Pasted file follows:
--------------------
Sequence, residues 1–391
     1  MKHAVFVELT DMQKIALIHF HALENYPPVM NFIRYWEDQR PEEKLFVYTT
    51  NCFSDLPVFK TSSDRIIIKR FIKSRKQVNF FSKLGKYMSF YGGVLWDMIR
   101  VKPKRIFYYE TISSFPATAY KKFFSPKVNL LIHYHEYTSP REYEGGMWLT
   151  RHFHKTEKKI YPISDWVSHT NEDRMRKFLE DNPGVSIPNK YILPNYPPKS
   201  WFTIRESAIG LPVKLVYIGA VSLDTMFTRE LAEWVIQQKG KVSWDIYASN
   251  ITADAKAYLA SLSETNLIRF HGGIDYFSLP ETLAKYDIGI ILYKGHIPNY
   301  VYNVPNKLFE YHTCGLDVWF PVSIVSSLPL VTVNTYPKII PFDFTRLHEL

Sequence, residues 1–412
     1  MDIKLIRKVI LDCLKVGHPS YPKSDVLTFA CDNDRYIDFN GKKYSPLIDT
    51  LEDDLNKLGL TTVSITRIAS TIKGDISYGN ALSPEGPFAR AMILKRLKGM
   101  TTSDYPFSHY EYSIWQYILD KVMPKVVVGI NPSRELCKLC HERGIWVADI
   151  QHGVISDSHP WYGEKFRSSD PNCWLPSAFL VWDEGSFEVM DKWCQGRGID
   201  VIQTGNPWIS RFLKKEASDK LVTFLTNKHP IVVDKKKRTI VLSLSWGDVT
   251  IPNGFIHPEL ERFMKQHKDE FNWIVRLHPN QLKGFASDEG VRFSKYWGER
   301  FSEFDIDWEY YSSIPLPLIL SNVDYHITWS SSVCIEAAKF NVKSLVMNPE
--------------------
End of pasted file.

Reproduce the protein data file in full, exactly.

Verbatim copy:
Sequence, residues 1–391
     1  MKHAVFVELT DMQKIALIHF HALENYPPVM NFIRYWEDQR PEEKLFVYTT
    51  NCFSDLPVFK TSSDRIIIKR FIKSRKQVNF FSKLGKYMSF YGGVLWDMIR
   101  VKPKRIFYYE TISSFPATAY KKFFSPKVNL LIHYHEYTSP REYEGGMWLT
   151  RHFHKTEKKI YPISDWVSHT NEDRMRKFLE DNPGVSIPNK YILPNYPPKS
   201  WFTIRESAIG LPVKLVYIGA VSLDTMFTRE LAEWVIQQKG KVSWDIYASN
   251  ITADAKAYLA SLSETNLIRF HGGIDYFSLP ETLAKYDIGI ILYKGHIPNY
   301  VYNVPNKLFE YHTCGLDVWF PVSIVSSLPL VTVNTYPKII PFDFTRLHEL

Sequence, residues 1–412
     1  MDIKLIRKVI LDCLKVGHPS YPKSDVLTFA CDNDRYIDFN GKKYSPLIDT
    51  LEDDLNKLGL TTVSITRIAS TIKGDISYGN ALSPEGPFAR AMILKRLKGM
   101  TTSDYPFSHY EYSIWQYILD KVMPKVVVGI NPSRELCKLC HERGIWVADI
   151  QHGVISDSHP WYGEKFRSSD PNCWLPSAFL VWDEGSFEVM DKWCQGRGID
   201  VIQTGNPWIS RFLKKEASDK LVTFLTNKHP IVVDKKKRTI VLSLSWGDVT
   251  IPNGFIHPEL ERFMKQHKDE FNWIVRLHPN QLKGFASDEG VRFSKYWGER
   301  FSEFDIDWEY YSSIPLPLIL SNVDYHITWS SSVCIEAAKF NVKSLVMNPE